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Desert Strike development anecdote
Post Posted: Sat Mar 27, 2021 12:24 pm
I saw this in an old gamasutra article about game dev hacks which I’m sure I’d seen before, but I didn’t find it in the forums.

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Jamming the cartridge

Michael A. Carr-Robb-John, Monolith Productions

In 1993 I was finishing off Desert Strike; I was doing the conversion from the 16-bit Mega Drive / Genesis to its humble little brother, the 8-bit Master System. The game was exceeding the desired cartridge size by about 12K, and going to the next size cartridge was out of the question. Today, 12K sounds incredibly small, but back then it was a major deal. During development, I had budgeted and planned all the sound and graphic resources and they were within their limits. The only section I hadn't been so strict on was the code. In those days, games were written in assembly language -- in this specific case, Z80 assembly -- so I had only one option left. I spent a week going through and finding redundant code and rewriting things to use a smaller memory footprint (usually at the cost of being more processor-intensive.)

By the time I had finished, the game fit onto a cartridge with just 98 bytes! The game was burned onto ROM and tested for a few days by the chaps in QA before being submitted to Sega for certification. Unfortunately it didn't pass on the first time, and the required fixes pretty quickly used up those 98 bytes. I think when we did publish, there were only 6 bytes free!
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Post Posted: Sat Mar 27, 2021 8:41 pm
Thanks for the anectode! Desert Strike on the Master System is quite good, I had fun back at the time I´ve played it. They made a very good job, and I´m saying that as someone who doesn´t like military games that much.
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Post Posted: Sun Mar 28, 2021 7:37 am
Maxim wrote
I saw this in an old gamasutra article about game dev hacks which I’m sure I’d seen before, but I didn’t find it in the forums.

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The game was exceeding the desired cartridge size by about 12K, and going to the next size cartridge was out of the question.


That's strange because it is a 4 Mb cartridge, there is no higher capacity cartridge right ?
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Post Posted: Sun Mar 28, 2021 8:32 am
yogi_om wrote
Maxim wrote
I saw this in an old gamasutra article about game dev hacks which I’m sure I’d seen before, but I didn’t find it in the forums.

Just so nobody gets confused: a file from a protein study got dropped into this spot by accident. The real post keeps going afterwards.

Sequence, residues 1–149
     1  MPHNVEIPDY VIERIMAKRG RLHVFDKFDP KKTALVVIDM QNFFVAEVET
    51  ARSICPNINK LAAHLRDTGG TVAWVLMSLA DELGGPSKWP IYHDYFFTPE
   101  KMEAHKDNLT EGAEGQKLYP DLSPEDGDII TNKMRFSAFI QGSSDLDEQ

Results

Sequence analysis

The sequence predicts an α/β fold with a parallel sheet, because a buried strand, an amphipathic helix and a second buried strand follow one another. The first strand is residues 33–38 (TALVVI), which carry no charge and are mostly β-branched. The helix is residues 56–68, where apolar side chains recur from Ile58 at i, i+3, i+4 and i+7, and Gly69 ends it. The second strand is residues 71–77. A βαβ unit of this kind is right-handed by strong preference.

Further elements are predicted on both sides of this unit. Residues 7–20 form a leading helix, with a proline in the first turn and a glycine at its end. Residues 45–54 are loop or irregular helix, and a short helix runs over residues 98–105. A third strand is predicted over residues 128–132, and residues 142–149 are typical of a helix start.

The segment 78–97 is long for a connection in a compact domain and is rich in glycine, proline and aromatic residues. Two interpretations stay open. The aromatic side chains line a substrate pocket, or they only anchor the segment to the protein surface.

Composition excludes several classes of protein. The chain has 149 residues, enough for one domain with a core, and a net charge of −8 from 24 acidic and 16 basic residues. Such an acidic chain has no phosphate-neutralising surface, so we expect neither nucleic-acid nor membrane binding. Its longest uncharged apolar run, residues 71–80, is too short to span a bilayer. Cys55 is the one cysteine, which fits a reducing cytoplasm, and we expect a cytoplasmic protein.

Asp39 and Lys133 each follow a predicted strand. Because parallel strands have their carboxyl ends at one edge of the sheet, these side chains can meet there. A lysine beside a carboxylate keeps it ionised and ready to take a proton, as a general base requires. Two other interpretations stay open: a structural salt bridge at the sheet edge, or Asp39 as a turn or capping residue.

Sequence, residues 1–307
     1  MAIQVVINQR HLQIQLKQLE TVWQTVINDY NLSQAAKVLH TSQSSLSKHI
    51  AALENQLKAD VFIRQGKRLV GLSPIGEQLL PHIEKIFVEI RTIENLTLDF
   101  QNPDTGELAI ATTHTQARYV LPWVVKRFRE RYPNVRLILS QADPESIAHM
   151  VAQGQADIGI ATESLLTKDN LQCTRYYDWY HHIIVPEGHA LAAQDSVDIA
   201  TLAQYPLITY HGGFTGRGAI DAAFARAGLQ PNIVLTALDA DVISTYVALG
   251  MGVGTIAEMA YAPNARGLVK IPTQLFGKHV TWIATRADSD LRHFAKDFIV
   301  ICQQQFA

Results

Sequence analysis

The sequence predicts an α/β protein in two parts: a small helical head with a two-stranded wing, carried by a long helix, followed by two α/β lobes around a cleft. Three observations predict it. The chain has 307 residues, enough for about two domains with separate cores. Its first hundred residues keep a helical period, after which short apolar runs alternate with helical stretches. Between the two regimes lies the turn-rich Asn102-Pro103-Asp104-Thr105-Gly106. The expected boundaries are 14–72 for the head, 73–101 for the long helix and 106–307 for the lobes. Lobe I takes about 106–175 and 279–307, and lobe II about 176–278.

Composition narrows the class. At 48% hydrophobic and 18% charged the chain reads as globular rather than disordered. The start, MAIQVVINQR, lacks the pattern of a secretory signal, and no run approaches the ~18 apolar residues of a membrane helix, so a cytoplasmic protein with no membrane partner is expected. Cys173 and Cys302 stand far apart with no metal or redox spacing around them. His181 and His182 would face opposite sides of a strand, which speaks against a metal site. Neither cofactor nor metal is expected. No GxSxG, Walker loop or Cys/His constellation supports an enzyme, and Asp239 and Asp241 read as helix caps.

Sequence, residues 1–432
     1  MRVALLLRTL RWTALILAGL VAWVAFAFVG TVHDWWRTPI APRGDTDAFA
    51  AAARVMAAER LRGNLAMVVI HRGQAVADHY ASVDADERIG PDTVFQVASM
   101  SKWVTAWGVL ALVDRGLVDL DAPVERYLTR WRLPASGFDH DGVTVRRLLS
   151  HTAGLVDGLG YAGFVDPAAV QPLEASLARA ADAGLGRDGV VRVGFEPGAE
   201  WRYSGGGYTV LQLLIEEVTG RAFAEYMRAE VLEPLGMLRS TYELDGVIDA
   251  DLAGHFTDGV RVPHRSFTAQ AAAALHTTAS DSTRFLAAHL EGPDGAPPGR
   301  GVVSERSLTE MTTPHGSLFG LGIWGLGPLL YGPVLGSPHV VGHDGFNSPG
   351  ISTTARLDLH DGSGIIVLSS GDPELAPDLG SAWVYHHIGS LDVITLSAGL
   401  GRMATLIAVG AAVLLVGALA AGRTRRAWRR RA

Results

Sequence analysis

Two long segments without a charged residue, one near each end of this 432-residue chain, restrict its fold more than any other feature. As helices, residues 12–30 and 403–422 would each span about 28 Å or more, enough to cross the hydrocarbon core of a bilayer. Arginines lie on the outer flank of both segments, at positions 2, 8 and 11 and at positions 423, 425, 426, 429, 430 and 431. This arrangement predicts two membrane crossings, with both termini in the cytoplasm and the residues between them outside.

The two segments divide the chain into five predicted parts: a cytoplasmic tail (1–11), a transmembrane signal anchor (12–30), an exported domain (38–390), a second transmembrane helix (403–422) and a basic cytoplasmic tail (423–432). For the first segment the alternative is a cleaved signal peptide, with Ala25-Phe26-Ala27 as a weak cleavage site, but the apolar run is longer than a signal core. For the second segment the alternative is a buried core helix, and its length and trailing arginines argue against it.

Quote
The game was exceeding the desired cartridge size by about 12K, and going to the next size cartridge was out of the question.


That's strange because it is a 4 Mb cartridge, there is no higher capacity cartridge right ?


Street Fighter II' is 8Mb cartridge.

https://www.smspower.org/Games/StreetFighterII-SMS
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Post Posted: Sun Mar 28, 2021 9:14 am
Game sizes were often predetermined and non-negotiable from Sega. These also determined the cost to manufacture, so maybe it would have been too expensive. Finally, I think 8Mbit SMS games were not an option at the time (even if there were plenty for Mega Drive by that time).
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Post Posted: Sun Mar 28, 2021 11:42 am
Aranya wrote
yogi_om wrote
Maxim wrote
I saw this in an old gamasutra article about game dev hacks which I’m sure I’d seen before, but I didn’t find it in the forums.

Quote
The game was exceeding the desired cartridge size by about 12K, and going to the next size cartridge was out of the question.


That's strange because it is a 4 Mb cartridge, there is no higher capacity cartridge right ?


Street Fighter II' is 8Mb cartridge.

https://www.smspower.org/Games/StreetFighterII-SMS


Thanks I didn't know that :) We had 5 and 6 Mb cartridge on Megadrive so possible on MS maybe...
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Post Posted: Mon Mar 29, 2021 8:32 am
Maxim wrote
I saw this in an old gamasutra article about game dev hacks which I’m sure I’d seen before, but I didn’t find it in the forums.

Quote
Jamming the cartridge

Michael A. Carr-Robb-John, Monolith Productions

In 1993 I was finishing off Desert Strike; I was doing the conversion from the 16-bit Mega Drive / Genesis to its humble little brother, the 8-bit Master System. The game was exceeding the desired cartridge size by about 12K, and going to the next size cartridge was out of the question. Today, 12K sounds incredibly small, but back then it was a major deal. During development, I had budgeted and planned all the sound and graphic resources and they were within their limits. The only section I hadn't been so strict on was the code. In those days, games were written in assembly language -- in this specific case, Z80 assembly -- so I had only one option left. I spent a week going through and finding redundant code and rewriting things to use a smaller memory footprint (usually at the cost of being more processor-intensive.)

By the time I had finished, the game fit onto a cartridge with just 98 bytes! The game was burned onto ROM and tested for a few days by the chaps in QA before being submitted to Sega for certification. Unfortunately it didn't pass on the first time, and the required fixes pretty quickly used up those 98 bytes. I think when we did publish, there were only 6 bytes free!


This is a great story. There's more than a few games on the SMS that make me wonder how they managed it, and this is one of them. Truly an excellent conversion!
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